Students struggle to get J1 Visas after paying up to €800

Complaints over slow processing of work permits after 57 students pay €799 up front

About 150 J1 students are struggling to have their J1 visa applications approved after paying up to €800 to travel to the United States.

Clients of Travel Bug Ltd, based in Castlebar, have complained their J1 work documentation has not yet been processed, meaning they cannot attend a US embassy interview which is mandatory prior to departure.

Many sponsor companies based in the US which work with the State Department to secure DS2019 work permits for applicants have changed requirements so J1 students must for the first time have a job lined up before heading to the US.

Travel Bug is working with American Work Adventures (AWA) as its recognised sponsor partner, and Travel Bug has accepted payments of €799 from 57 students looking to secure their place on the J1 programme.


On top of those who have paid the full fee, which does not include flights, about 100 students have paid deposits to Travel Bug.

Processing issue

Responding to complaints from customers, its managing director Caroline Joyce told The Irish Times there had been a processing issue with the AWA sponsor company.

She said she has had difficulty contacting AWA about the delays and had already been in touch with US embassy officials in an attempt to expedite the application process.

She added she has also been liaising with officials in the US to ensure those who applied for a J1 through Travel Bug get to work and travel as planned this summer.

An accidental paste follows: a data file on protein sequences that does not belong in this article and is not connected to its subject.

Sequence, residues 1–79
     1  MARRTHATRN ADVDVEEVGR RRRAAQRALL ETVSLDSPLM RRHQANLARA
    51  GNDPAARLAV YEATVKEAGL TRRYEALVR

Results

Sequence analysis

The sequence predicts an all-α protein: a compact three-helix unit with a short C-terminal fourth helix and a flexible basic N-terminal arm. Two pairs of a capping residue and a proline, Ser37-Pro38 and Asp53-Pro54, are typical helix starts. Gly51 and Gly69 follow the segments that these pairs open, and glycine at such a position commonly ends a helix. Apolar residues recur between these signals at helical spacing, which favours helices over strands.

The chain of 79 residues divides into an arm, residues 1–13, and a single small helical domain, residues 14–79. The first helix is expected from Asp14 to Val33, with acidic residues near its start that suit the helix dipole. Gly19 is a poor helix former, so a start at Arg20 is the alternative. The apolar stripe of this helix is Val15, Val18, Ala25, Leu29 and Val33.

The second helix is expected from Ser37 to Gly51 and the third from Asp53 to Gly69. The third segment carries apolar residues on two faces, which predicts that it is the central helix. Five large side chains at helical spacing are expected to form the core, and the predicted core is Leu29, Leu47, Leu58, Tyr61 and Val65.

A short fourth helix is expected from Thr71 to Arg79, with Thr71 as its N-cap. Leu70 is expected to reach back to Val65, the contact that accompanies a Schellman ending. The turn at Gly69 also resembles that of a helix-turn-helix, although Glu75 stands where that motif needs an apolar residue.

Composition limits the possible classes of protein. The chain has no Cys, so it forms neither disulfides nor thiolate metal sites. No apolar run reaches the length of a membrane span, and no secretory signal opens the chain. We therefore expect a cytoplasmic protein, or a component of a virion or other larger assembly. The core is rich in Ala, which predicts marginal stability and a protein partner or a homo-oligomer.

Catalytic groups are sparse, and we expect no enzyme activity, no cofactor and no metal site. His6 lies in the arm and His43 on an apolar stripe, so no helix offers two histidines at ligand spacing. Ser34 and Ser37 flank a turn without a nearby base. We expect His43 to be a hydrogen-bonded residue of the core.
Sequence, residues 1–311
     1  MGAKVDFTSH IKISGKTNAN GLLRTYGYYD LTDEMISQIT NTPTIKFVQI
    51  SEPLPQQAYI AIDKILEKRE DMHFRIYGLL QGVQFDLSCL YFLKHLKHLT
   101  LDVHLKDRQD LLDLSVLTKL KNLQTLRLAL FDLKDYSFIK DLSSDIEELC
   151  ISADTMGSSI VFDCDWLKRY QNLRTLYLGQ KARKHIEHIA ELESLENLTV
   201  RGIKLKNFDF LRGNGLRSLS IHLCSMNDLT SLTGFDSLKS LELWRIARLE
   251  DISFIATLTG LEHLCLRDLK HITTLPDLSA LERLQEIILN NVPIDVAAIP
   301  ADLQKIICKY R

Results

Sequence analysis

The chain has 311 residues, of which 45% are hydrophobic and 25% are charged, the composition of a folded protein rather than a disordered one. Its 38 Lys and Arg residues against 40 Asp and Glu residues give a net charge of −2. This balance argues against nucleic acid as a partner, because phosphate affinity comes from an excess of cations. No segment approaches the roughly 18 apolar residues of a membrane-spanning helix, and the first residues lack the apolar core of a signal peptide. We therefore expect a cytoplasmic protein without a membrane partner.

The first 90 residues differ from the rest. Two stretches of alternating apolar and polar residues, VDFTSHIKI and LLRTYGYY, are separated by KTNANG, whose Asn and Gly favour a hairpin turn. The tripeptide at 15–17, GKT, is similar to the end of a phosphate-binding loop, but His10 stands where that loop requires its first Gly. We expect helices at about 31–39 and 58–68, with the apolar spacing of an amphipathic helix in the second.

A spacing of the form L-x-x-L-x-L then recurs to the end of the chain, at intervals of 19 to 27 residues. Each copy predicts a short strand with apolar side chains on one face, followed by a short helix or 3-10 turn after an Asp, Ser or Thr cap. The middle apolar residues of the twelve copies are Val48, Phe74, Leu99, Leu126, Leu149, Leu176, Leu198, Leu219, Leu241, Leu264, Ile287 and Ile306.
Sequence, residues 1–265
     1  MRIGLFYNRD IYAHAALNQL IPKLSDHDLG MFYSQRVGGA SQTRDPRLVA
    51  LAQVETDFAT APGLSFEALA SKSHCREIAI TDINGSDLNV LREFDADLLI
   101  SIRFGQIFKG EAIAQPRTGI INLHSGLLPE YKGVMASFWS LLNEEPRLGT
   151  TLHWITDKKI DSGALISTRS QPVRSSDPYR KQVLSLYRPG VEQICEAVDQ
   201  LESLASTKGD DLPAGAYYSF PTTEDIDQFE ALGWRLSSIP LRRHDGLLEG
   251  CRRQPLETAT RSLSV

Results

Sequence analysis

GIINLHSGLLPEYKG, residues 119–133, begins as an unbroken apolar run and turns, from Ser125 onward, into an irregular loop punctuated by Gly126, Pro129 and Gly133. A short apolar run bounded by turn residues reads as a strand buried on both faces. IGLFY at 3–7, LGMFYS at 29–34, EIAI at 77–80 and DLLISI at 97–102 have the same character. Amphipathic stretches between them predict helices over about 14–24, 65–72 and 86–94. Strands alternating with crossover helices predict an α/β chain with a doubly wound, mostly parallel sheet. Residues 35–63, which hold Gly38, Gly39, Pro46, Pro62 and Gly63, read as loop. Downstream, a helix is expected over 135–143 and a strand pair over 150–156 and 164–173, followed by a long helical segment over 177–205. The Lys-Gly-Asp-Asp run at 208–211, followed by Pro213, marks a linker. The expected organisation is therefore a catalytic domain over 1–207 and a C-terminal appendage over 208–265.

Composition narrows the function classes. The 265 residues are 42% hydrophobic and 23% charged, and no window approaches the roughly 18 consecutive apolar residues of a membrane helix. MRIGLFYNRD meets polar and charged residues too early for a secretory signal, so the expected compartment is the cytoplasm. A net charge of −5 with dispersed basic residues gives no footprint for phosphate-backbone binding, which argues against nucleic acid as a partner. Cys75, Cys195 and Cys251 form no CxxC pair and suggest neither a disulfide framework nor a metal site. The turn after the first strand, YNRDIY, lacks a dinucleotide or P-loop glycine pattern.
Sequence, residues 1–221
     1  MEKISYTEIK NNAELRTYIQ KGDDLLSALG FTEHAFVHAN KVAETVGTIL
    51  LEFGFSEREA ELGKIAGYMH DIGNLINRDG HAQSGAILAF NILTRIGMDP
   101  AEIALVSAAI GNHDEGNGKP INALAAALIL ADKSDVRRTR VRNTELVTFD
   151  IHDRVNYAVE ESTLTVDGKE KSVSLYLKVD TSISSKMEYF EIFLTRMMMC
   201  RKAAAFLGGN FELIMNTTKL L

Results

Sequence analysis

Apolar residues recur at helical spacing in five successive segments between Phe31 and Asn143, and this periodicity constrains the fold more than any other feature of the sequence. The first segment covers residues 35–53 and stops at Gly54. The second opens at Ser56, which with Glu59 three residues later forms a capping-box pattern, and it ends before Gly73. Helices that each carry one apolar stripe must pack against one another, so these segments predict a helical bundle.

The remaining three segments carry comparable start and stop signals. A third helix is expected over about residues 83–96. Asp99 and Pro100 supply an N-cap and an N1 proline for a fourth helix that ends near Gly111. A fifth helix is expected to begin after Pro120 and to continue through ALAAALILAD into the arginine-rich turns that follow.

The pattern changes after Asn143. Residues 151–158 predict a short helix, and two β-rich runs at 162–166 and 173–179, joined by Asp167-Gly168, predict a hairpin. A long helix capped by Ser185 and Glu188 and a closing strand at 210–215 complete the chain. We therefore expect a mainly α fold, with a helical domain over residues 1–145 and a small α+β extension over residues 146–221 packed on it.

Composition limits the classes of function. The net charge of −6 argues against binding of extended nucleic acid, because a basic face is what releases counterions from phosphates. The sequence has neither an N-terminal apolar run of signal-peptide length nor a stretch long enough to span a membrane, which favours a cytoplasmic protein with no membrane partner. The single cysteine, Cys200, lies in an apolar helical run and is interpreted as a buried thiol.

Ms Joyce said she is not aware of any other J1 agent company in Ireland which has had similar difficulties, as other companies have been using different sponsor agencies. She urged affected customers not to book flights and accommodation until the issues had been resolved.

The J1 visa can be obtained by Irish students as part of a special arrangement between the two countries, and allows the holder to work in the US for up to 12 months. More than 8,000 Irish students applied for J1 visas last year.

The vast majority of J1 holders opt to depart in late May or early June and typically stay in the US until late summer.

Delays queried

On Monday, Travel Bug issued the following statement to customers who had queried delays in their J1 application process: “Due to the changes in J1 Visa regulations and increased State Department compliance requirements regarding job vetting this year, the sponsors are having tremendous difficulties processing the DS2019 forms. This is causing enormous challenges and delays, as well as increases in DS2019 denials.

“Although the sponsors have approved your job offers they are now informing us that they cannot guarantee you will receive a DS2019.”

Ms Joyce said those who have paid the full programme fee will receive refunds of at least 50 per cent if their applications are unsuccessful, but the company has not made any guarantees regarding deposits.

The issue was highlighted by prospective J1 traveller Tomás O’Donovan, who said he is worried about not receiving a DS2019 permit despite being told by his future employer they are happy to sign off on the required documentation.

AWA has not yet responded to a request for comment from The Irish Times.